And once they're coated, who cares how they got that way?

And let me tell you - it was worth it.

These taste just like the real thing. The texture of my cookies was a bit different from the Girl Scout version - lighter and crispier. But the taste was pretty much spot on, which made everyone very happy.

Thanks, Jennifer, for your wonderful blog, your dedication to providing such wonderful recipes, and for sharing the deliciousness with us!

Oh, and for good measure (or, you know, because there were too many delicious options to limit myself to just one...), I also made Jennifer's Strawberry Banana Baked Oatmeal for breakfast one morning this month. Yum! I'll share that recipe later this week.

Thin Mint Cookies
(from Peanut Butter and Peppers)

1/2 cup butter, room temperature
1/2 cup powdered sugar
1/2 cup cocoa powder
1 tsp vanilla extract
1/4 tsp salt
3/4 cup flour (I used all-purpose, recipe called for whole wheat pastry flour)
2 cups semi-sweet chocolate chips
1 1/4 tsp mint extract (I used peppermint extract)

Preheat oven to 350 degrees.
Cream butter until light and fluffy, then add the powdered sugar and mix until combined. Stir in the salt, vanilla and cocoa powder, mixing until the cocoa powder is integrated and the batter resembles a thick frosting. Add the flour and mix just until the flour is combined, making sure to not over mix. My dough was very crumbly, but this is okay.
Form dough into a ball. Knead a few times to bring together, then flatten into a disk between half an inch and one inch thick, cover in plastic wrap then place in freezer for 15 minutes.
Remove dough from the freezer and roll it out really thin on a floured surface, to about 1/8-inch. Cut cookies using 1 1/2-inch round cutter (or any shape or design you like - I used the lid to a spice jar, as Jennifer mentioned she did, and it worked perfectly).
Place cookies on a baking sheet and bake for 10 minutes. Remove the cookies from the oven and allow them to cool completely.
Line a baking sheet with parchment paper. This is to place chocolate coated cookies on to dry.

To make chocolate topping: Place chocolate chips in a microwave safe bowl and microwave in short 15-20 second bursts, stirring between bursts. Mine took about 2 minutes to fully melt.
Stir in the peppermint extract.

Gently drop the cookies, one at a time, into the coating. Turn to coat entirely, then lift the cookie out of the chocolate with the fork and bang the fork on the side of the pan until the extra coating drips off. My chocolate was a little thick, so I wound up more spreading the chocolate, but do what works for you. Place chocolate covered cookies on prepared baking rack. Repeat for the rest of the cookies. Place the cookies in the refrigerator or freezer to set.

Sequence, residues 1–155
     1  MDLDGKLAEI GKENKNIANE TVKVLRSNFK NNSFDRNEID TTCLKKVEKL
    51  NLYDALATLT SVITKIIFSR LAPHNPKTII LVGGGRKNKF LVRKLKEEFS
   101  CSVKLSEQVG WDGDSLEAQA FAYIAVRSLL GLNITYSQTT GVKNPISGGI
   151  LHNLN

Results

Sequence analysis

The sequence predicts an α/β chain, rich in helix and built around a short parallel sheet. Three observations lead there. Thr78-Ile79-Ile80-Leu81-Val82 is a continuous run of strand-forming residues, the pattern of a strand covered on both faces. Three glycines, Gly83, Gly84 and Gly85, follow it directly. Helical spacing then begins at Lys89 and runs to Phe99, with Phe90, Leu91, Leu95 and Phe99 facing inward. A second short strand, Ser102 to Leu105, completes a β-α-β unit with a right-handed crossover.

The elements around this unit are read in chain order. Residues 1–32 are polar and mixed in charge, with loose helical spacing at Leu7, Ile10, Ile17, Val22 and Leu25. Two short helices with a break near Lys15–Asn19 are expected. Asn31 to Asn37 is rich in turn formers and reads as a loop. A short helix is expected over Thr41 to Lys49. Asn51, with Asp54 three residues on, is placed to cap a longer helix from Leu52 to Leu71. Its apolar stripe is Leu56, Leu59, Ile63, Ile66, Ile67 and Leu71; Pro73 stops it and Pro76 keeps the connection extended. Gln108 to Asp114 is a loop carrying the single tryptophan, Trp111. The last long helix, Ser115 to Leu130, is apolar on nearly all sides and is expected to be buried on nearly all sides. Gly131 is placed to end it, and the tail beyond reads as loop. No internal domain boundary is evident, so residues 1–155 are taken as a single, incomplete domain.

These will be best eaten from either the freezer or fridge, since they start to get a bit melty when outside.


Sunday, July 14, 2013

July Daring Cooks' Challenge - Yogurt

The lovely Cher of The Not So Exciting Adventures of a Dabbler was our July Daring Cooks’ hostess and she asked us to create homemade yogurt in our own kitchens! No incubators needed, no expensive equipment or ingredients, just a few items and we had delicious yogurt for a fraction of the cost and a whole lot healthier than what you buy in the stores!

I have been wanting to make yogurt for a really long time. Like, a really, really long time.

So why haven't I?

Honestly? I have been scared.

Making yogurt is a relatively straightforward process, but there are a few specifics that are, well, important to the process. Most importantly, you need to be able to incubate your yogurt at a specific temperature for a few hours.  Which is the part that has always scared me.  I had no idea how to accomplish the steady temperature without a specific yogurt maker.

Cher was a fantastic hostess who really put so many of us at ease with her thorough and clear directions.  Even I gathered the confidence to give it a shot!